A recent incident in Glasgow highlights the need for stricter fire safety regulations at Airbnb accommodations. A Swiss tourist, Heather Chalmers, expressed her dissatisfaction and concerns after discovering an expired fire extinguisher during her stay.

In a recent incident that has raised serious concerns about fire safety at Airbnb accommodations, a tourist visiting Glasgow from Switzerland has called for stricter fire regulations. Heather Chalmers, booked a short-term accommodation through the popular website Airbnb.

Their experience left them deeply dissatisfied with the most alarming issue they encountered was the discovery of a fire extinguisher that had expired a staggering 17 years ago.

"I was frightened and wrote to Airbnb," Heather Chalmers recalled. "You could see that it was corroded, and it had been there for a very long time. It was also very small and hidden at the back of the cupboard."

This discovery immediately raised concerns about their safety. Heather explained, "We would have had no chance to get out if there was a fire. And then I realised it was even worse because it was a third-floor flat; we couldn't have gotten out. If we were in the living room and flames broke out, and we had to leave the room, we couldn't have found our way to the door because we didn't know where it was. There was no signage and no way out indicated anywhere."

The absence of other fire safety devices further exacerbated their unease. Heather continued, "There was no other way, no fire blanket, no fire plan, or any mention of where to find a fire extinguisher at all. It also didn't look like anyone else lived there; it was quiet, and there was lots of unopened mail on the floor."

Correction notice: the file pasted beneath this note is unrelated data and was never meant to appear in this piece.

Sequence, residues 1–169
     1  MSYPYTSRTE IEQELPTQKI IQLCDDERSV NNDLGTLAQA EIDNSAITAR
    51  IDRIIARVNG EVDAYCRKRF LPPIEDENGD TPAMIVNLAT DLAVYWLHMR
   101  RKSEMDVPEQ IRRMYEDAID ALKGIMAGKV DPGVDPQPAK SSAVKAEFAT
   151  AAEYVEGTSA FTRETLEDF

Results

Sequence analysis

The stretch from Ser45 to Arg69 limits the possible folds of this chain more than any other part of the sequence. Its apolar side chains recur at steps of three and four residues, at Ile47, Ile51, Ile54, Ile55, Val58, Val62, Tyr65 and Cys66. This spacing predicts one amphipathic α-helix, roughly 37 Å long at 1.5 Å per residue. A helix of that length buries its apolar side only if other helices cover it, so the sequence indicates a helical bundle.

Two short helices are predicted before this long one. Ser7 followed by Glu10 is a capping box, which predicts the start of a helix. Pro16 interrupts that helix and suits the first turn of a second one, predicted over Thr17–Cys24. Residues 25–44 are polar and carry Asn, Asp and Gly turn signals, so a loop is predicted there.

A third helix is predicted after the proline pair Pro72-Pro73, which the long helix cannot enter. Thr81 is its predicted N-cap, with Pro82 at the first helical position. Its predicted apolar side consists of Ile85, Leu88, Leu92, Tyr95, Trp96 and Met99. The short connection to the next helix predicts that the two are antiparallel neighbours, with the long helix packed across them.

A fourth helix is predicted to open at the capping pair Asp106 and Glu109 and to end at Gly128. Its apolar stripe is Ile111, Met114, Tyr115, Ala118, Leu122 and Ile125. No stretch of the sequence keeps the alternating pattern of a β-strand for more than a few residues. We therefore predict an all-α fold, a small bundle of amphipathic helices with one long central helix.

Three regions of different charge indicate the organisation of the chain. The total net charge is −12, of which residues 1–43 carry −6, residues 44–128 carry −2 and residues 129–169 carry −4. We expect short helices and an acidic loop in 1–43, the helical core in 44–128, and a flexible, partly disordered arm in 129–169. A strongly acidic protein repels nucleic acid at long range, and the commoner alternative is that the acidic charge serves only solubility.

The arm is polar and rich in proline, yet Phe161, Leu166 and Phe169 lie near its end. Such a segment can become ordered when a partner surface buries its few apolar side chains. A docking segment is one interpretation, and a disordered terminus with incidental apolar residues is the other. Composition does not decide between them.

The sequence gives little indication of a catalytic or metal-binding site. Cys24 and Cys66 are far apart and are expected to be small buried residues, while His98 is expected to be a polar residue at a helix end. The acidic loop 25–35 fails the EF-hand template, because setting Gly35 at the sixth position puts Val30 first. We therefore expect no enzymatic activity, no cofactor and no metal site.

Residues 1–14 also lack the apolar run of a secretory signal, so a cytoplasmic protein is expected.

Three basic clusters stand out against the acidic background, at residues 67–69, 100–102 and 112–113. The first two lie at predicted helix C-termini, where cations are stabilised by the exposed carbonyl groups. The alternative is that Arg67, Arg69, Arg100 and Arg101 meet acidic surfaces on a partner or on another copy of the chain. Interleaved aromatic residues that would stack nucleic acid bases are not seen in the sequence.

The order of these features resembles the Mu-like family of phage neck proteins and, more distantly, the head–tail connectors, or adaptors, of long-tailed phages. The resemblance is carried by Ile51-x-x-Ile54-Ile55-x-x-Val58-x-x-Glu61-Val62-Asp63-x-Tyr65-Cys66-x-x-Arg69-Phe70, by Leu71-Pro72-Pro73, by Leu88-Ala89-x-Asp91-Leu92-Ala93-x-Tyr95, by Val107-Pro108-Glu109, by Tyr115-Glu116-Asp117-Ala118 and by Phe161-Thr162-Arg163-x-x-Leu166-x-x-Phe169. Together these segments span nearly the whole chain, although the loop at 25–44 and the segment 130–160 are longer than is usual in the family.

Heather Chalmers is now calling for the council to take more responsibility and ensure that short-term lets are better regulated. She stressed, "I believe that every council should have minimum requirements and a duty of care to ensure that all of these homes are fire safe. There could have been a family with kids staying there. The next person will have the same problem. You could potentially die; it's not safe at all. These properties are like the Wild West, and clearly, nobody is regulating them."

Following the incident, Airbnb contacted the property owner, and Heather's group moved out, opting to pay for a nearby hotel room after receiving a partial refund.

In Glasgow, a short-term let licence, issued by the council, is required for anyone operating an Airbnb. This new regulation, introduced last year, mandates hosts to register by 2025. Once registered, the council is responsible for ensuring that these accommodations meet safety standards, including satisfactory fire detection equipment and carbon monoxide detectors.

A spokesperson from Glasgow City Council commented, "An application for a short-term let licence has been received in connection with this address and will be fully considered in due course. All applications are determined on the merits of the individual case and within the context of our policy on short-term let licences, which includes conditions set by national legislation."

An Airbnb spokesperson added, "The safety of our community is a priority, and we regularly send hosts in Scotland expert advice and information on fire safety and update them on local rules and regulations. We have reached out to the host to remind them of local fire safety guidance."

This incident serves as a stark reminder of the importance of stringent fire safety regulations and vigilance in ensuring the safety of short-term accommodations. The need for councils to take proactive measures in regulating such properties to protect the lives of guests cannot be overstated.

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